Epidemiology
Prospective Studies
Confidence Intervals
Mortality
Infection
End Stage Liver Disease
Odds Ratio
Proportional Hazards Models
Logistic Models
Organ Dysfunction Scores
Gram-Positive Bacteria
Therapeutics
Microbial Drug Resistance
Peritonitis
Gram-Negative Bacteria
Candida
Liver Cirrhosis
Fibrosis
Anti-Bacterial Agents

Keywords

  • Aged
  • Comorbidity
  • Disease Management
  • Drug Resistance, Microbial
  • Female
  • Humans
  • Liver Cirrhosis/complications
  • Male
  • Middle Aged
  • Mortality
  • Patient Outcome Assessment
  • Population Surveillance
  • Prognosis
  • Prospective Studies
  • Risk Factors
  • Sepsis/drug therapy

Cite this

A prospective multicentre study of the epidemiology and outcomes of bloodstream infection in cirrhotic patients. / ESGBIS/BICHROME Study Group.

In: Clinical Microbiology and Infection, Vol. 24, No. 5, 05.2018, p. 546.e1-546.e8.

Research output: Contribution to journalArticle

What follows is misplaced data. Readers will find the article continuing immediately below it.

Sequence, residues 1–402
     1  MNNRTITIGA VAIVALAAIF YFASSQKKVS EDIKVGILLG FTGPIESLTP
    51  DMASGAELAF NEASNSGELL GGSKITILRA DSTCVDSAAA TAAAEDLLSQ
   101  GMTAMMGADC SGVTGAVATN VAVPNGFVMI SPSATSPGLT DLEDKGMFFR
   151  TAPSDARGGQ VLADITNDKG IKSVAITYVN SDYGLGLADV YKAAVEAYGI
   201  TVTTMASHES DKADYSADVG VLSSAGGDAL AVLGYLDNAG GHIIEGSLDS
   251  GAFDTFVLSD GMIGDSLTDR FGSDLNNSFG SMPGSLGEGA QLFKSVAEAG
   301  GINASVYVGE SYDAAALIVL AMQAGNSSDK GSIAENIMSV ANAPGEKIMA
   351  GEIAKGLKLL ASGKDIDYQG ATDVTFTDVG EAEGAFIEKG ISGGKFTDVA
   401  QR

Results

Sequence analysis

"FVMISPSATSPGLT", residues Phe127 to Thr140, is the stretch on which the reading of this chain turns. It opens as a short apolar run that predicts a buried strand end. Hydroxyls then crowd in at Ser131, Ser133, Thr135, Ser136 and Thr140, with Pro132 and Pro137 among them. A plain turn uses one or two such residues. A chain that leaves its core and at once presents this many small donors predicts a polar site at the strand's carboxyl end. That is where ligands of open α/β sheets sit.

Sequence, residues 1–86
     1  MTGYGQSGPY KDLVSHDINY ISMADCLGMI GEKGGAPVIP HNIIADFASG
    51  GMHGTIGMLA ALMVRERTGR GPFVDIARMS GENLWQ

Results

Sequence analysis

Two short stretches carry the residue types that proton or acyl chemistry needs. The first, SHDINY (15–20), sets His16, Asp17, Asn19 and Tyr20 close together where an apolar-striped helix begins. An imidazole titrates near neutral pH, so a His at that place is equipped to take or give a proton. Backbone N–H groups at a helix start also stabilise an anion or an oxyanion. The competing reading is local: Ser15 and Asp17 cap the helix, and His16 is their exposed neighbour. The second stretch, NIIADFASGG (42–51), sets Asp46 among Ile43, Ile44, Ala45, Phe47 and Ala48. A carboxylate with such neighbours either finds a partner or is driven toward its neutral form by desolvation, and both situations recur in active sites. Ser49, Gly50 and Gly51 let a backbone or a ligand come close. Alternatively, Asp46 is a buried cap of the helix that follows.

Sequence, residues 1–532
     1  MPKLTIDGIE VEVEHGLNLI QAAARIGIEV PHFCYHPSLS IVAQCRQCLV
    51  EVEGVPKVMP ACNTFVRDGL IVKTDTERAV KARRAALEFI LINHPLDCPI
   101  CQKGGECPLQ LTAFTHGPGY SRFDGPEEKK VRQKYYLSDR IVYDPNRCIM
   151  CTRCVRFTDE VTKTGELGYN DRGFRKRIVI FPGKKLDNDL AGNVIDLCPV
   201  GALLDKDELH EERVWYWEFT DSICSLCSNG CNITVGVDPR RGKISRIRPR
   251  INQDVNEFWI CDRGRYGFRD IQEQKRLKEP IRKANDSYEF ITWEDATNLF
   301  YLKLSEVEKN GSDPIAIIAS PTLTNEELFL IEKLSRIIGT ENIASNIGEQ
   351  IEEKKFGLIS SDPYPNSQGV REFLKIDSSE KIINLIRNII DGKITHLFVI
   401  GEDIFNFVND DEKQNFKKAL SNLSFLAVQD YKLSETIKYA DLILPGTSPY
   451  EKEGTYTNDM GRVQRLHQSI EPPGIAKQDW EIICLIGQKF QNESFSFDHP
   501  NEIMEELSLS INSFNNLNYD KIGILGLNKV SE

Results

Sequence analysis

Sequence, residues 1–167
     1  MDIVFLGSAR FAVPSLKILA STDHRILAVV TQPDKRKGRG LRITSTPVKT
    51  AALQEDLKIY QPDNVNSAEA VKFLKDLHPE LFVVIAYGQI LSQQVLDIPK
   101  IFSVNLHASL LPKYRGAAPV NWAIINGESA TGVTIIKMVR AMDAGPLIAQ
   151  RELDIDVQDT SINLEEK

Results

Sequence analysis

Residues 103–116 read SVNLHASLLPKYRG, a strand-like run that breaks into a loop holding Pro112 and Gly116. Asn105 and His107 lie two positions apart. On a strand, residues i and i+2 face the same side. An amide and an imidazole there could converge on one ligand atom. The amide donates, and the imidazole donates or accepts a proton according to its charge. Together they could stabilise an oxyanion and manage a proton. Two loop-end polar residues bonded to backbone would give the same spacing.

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abstract = "OBJECTIVES: To describe the current epidemiology of bloodstream infection (BSI) in patients with cirrhosis; and to analyse predictors of 30-day mortality and risk factors for antibiotic resistance.METHODS: Cirrhotic patients developing a BSI episode were prospectively included at 19 centres in five countries from September 2014 to December 2015. The discrimination of mortality risk scores for 30-day mortality were compared by area under the receiver operator risk and Cox regression models. Risk factors for multidrug-resistant organisms (MDRO) were assessed with a logistic regression model.RESULTS: We enrolled 312 patients. Gram-negative bacteria, Gram-positive bacteria and Candida spp. were the cause of BSI episodes in 53{\%}, 47{\%} and 7{\%} of cases, respectively. The 30-day mortality rate was 25{\%} and was best predicted by the Sequential Organ Failure Assessment (SOFA) and Chronic Liver Failure-SOFA (CLIF-SOFA) score. In a Cox regression model, delayed (>24 hours) antibiotic treatment (hazard ratio (HR) 7.58; 95{\%} confidence interval (CI) 3.29-18.67; p < 0.001), inadequate empirical therapy (HR 3.14; 95{\%} CI 1.93-5.12; p < 0.001) and CLIF-SOFA score (HR 1.35; 95{\%} CI 1.28-1.43; p < 0.001) were independently associated with 30-day mortality. Independent risk factors for MDRO (31{\%} of BSIs) were previous antimicrobial exposure (odds ratio (OR) 2.91; 95{\%} CI 1.73-4.88; p < 0.001) and previous invasive procedures (OR 2.51; 95{\%} CI 1.48-4.24; p 0.001), whereas spontaneous bacterial peritonitis as BSI source was associated with a lower odds of MDRO (OR 0.30; 95{\%} CI 0.12-0.73; p 0.008).CONCLUSIONS: MDRO account for nearly one-third of BSI in cirrhotic patients, often resulting in delayed or inadequate empirical antimicrobial therapy and increased mortality rates. Our data suggest that improved prevention and treatment strategies for MDRO are urgently needed in the liver cirrhosis patients.",